by electronmaster (926497) on Saturday June 24, 2006 @11:57PM (#15599011) Homepage
    Shoulda bought the warranty. I'm a camera salesman, I know.
    • "Our replacement plan covers any manufacturing defect, of course, but you're required to bring the broken item back to the store."

  • Of course (Score:5, Funny)

    by Itninja (937614) on Sunday June 25, 2006 @12:27AM (#15599094) Homepage
    "At this point, the ACS is in a safe configuration, and further analysis is ongoing,"

    Your computer is currently running in safe mode. Some functions may be unavailable.
    Looks like it's time to do a wipe and reinstall the Hubble. It's probably just spyware anyway...
  • Is there such a thing as non-energetic particle bombardment?
  • Place your bets (Score:5, Insightful)

    by Joebert (946227) on Sunday June 25, 2006 @12:33AM (#15599111) Homepage
    But, before any attempt to reactivate the camera, engineers are cautiously evaluating and isolating the probable cause of this incident in order to avoid any further incident.

    That's fancy talk for "Placing bets on what's going to break next".
    • Re:Place your bets (Score:3, Insightful)

      by TubeSteak (669689)
      That's fancy talk for "Placing bets on what's going to break next if they do something stupid".

      Fixed that for you.

      In a sense, they are placing bets, but whatever course(s) of action has the highest probability of causing failures... they aren't gonna do it.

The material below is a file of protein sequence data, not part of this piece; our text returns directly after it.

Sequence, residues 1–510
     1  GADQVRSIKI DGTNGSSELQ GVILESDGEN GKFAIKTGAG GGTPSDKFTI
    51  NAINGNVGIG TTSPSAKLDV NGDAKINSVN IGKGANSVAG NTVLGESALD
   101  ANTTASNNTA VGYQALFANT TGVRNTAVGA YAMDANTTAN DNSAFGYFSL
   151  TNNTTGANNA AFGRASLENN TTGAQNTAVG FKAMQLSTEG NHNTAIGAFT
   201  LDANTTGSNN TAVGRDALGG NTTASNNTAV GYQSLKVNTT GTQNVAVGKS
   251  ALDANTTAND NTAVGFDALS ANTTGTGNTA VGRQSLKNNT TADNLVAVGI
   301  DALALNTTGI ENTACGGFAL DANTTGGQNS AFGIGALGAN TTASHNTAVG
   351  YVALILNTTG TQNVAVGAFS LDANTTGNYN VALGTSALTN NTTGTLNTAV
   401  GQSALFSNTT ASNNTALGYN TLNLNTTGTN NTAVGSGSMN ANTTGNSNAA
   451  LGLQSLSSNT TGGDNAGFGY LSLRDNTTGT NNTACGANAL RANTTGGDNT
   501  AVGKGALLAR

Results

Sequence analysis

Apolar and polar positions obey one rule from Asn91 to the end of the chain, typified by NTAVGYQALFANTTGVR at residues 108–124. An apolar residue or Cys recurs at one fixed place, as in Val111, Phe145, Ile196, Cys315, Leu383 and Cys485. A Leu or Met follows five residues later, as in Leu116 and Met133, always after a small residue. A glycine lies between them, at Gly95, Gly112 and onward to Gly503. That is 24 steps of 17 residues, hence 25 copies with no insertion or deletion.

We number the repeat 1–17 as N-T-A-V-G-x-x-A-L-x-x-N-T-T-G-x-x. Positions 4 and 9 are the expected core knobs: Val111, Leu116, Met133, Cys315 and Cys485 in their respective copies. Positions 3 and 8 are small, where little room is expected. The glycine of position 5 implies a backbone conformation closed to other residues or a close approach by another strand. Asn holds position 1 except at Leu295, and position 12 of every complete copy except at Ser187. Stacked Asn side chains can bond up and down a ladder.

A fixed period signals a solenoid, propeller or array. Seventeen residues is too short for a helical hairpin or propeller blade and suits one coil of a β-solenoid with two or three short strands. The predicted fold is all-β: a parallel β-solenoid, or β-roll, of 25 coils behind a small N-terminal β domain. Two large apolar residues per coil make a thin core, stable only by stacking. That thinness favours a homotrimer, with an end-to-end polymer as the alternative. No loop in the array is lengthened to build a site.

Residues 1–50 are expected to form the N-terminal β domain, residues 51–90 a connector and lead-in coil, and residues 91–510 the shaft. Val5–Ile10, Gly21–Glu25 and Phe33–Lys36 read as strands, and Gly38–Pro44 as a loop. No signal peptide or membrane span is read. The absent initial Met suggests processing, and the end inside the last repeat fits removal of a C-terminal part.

After all, the engineers have nothing to lose if they spend a month trouble shooting every possible failure scenario.
      • Hubble, launched in April 1990, needs new batteries and gyroscopes if it is to keep working beyond next year.

        Like I said, Placing bets on what's going to break next.
        The thing's cool & all, but nothing can last forever, & jerry-rigging it only works for soo long.
  • ...is that ALIENS have STOLEN our camera jamming technology!!
  • Another website, USA-Today I think, had a headline that somehow stood out much much quicker. Compare:

    Here: "Hubble's Advanced Camera Suspends Operations"

    There: "Hubble Blind!"

    Now I know why they don't let nerds write ad copy :-)
         
    • Now I know why they don't let nerds write ad copy :-)

      You know why I didn't choose to use the word "blind"?

      Because it still has the WFPC2 Camera. It's old and somewhat busted, but it still works. FGS works, too, if the interferometer tickles your fansy. Does NICMOS still work that well, I wonder?
      • Duly noted,

        "FGS works, too, if the interferometer tickles your fansy . Does NICMOS still work that well, I wonder?"